Microsoft has denied that it provides any government with ‘blanket or direct access' to any of its products.
In a recent article in the Guardian, it was claimed that Microsoft had collaborated with the US intelligence services to allow users' communications to be intercepted and that it allows the National Security Agency to circumvent its own encryption.
Microsoft responded in a statement that it has clear principles to guide the response for government demands for customer information for both law enforcement and national security issues.
It said that it only provides customer data in response to legal processes and its compliance team examines all demands very closely, and it rejects them if it believes they aren't valid.
Finally, it said that it only ever complies with orders about specific accounts or identifiers, and would not respond to the kind of blanket orders. “To be clear, Microsoft does not provide any government with blanket or direct access to SkyDrive, Outlook.com, Skype or any Microsoft product,” it stated.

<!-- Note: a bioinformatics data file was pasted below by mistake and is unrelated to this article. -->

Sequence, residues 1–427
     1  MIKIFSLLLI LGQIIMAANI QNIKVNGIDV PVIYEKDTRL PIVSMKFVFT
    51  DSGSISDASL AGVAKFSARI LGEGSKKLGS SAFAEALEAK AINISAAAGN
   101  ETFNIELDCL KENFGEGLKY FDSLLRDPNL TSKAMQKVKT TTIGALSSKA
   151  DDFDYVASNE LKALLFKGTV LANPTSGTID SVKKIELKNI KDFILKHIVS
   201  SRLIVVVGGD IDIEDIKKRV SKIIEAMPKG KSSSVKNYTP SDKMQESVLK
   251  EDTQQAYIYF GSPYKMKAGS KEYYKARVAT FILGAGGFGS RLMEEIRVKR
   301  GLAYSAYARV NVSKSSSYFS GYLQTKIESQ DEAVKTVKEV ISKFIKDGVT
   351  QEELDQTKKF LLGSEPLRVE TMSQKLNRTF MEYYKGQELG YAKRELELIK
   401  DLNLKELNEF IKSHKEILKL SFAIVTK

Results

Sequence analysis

Microsoft said that when a product is upgraded or updated, legal obligations might require that it maintains the ability to provide information in response to a law enforcement or national security request.
Files provided to the Guardian by NSA whistleblower Edward Snowden claimed to show that: Microsoft helped the NSA circumvent its encryption to address concerns that the agency would be unable to intercept web chats on the new Outlook.com portal; the agency already had pre-encryption stage access to email on Outlook.com, including Hotmail; and Microsoft worked with the FBI to allow the NSA to have easier access via Prism to its cloud storage service SkyDrive, which now has more than 250 million users worldwide.